re: Macau

A story in two parts.

When my family visited we took a trip to Macau, on a brisk whistle-stop tour of the SAR’s main attractions. It was our second attempt to visit since no one thought to bring their passports (and I also forgot to remind them, oops). An easy mistake to make, but even then, our second attempt wasn’t without event. As usual, the ferry ports were ridiculously busy and we ended up purchasing a late afternoon ticket with late evening return.

With 8 members of my family in tow and an age range of 12-65, I was anxious we wouldn’t get round to seeing all the sights in time. However, the benefits of travelling with your family (and to an extent, a large group) revealed itself when we arrived in Macau. Approached by a lady, we managed to arrange our own private car to drive us around for the day at a pretty respectable price! Feeling a bit luxurious as we were chauffeured around, my worries subsided (after we were sure this wasn’t some scam) and we were able to see Macau’s main sights in the short period of time we had there!

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Stopping first at the Kun Iam Statue, which was quite stunning to view but really offered not much to do otherwise, we hopped back in the car to A-Ma Temple. We were greeted with a serendipitous performance of traditional Portuguese Folk dancing before we wandered off to explore the little temple and its surrounding area where we found stalls selling freshly made snacks! I loved the little streets and buildings around this area, which due to the Portuguese administration were refreshingly different from the typical Chinese style I had become accustomed to. If it wasn’t for the Chinese signs, it was almost as if we had gone on our usual European holiday.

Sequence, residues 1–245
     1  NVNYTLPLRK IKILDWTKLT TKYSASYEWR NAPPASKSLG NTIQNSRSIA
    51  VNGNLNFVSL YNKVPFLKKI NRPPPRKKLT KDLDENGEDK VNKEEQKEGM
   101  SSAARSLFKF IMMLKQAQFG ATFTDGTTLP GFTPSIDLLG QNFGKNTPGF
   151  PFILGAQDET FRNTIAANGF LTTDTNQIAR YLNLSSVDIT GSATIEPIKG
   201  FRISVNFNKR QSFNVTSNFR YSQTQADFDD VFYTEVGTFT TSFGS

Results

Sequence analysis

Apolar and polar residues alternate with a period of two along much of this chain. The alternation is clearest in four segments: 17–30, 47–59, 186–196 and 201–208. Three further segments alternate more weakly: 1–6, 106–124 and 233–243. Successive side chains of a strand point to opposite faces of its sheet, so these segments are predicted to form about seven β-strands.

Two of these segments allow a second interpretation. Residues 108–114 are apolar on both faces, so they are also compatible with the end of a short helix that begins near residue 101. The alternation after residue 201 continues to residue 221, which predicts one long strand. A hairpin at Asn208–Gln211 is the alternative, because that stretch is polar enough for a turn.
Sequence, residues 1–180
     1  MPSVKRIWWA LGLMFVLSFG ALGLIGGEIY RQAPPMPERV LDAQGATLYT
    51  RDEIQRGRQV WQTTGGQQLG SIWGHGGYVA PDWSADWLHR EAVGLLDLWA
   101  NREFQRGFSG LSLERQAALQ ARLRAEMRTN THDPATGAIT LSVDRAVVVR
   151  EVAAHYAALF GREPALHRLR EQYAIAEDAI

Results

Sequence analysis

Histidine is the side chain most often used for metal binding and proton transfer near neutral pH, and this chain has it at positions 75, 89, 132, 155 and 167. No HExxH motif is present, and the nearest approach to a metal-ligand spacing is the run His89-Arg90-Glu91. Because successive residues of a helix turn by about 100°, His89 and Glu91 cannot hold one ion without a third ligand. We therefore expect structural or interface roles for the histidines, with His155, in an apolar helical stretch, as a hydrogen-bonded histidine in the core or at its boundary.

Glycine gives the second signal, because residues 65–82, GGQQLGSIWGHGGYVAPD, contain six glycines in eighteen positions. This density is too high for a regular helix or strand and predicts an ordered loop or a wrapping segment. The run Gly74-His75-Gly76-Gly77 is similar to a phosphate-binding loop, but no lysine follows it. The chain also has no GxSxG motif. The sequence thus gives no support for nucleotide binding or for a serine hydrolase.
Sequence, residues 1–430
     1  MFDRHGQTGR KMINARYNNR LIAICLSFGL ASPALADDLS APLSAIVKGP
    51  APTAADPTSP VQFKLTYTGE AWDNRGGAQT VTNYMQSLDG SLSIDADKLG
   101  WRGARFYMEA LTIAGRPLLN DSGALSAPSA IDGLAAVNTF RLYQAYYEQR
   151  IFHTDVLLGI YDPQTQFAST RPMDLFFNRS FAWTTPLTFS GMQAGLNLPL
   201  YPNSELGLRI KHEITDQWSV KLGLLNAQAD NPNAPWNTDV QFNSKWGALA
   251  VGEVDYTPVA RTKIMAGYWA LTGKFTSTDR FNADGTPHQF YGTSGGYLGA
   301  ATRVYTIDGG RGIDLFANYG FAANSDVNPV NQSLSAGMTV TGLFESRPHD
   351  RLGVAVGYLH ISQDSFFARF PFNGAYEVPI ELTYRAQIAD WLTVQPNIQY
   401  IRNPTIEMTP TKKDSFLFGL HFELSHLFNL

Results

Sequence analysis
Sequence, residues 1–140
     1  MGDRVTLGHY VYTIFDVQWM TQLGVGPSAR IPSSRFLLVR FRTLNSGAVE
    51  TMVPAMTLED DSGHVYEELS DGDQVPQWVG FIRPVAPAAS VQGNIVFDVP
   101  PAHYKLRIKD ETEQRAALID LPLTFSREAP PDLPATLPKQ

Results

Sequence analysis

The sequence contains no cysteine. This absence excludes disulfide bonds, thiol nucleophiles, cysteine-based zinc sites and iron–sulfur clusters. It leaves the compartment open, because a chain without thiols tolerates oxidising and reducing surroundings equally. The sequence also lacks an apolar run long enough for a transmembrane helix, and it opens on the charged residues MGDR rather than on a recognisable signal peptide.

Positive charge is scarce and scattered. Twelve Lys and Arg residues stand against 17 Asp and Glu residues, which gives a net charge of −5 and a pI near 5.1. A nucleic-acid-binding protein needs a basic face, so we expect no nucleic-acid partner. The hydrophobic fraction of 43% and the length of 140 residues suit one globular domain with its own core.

This feeling only intensified as we walked around Senado Square and also reminded me of Ho Chi Minh City (or more chronologically, HCMC reminded me of Macau – my posts have become a bit disorderly since returning!). I really enjoyed being surrounded by this style of architecture, it appealed greatly to my love of quaint pastel designs (I mean, The Grand Budapest Hotel is a dream to watch, heart-eyes all around)! Most sights are within walking distance from here and there’s plenty of great street food around this area so we stopped for a quick bite.

Part II coming next week!

Author: Karmen T

Freelance travel writer, video editor, social media whizz and all-round-behind-the-scenes content creator. I love taking shamelessly cute photographs, overeating on delicious food and recently? Drinking a lot of tea.

7 thoughts on “re: Macau”

  1. Hi Karmen,
    I am excited to let you know that I have nominated you for the Bloggers Recognition Award. I am glad to have come across your blog. Have a look at my recent post for the rules, questions, etc. I hope you will accept the nomination. Congratulations!

    Liked by 2 people

  2. Portuguese Occupation?!!!! Portuguese Administration, I would say.
    Macau was “awarded” to the Portuguese in the early 1500’s as a part of a deal with the Chinese empire in the fight against local Pirates.
    It is ridiculous to even think about an “occupation” of Macau.
    Best regards,

    Liked by 1 person

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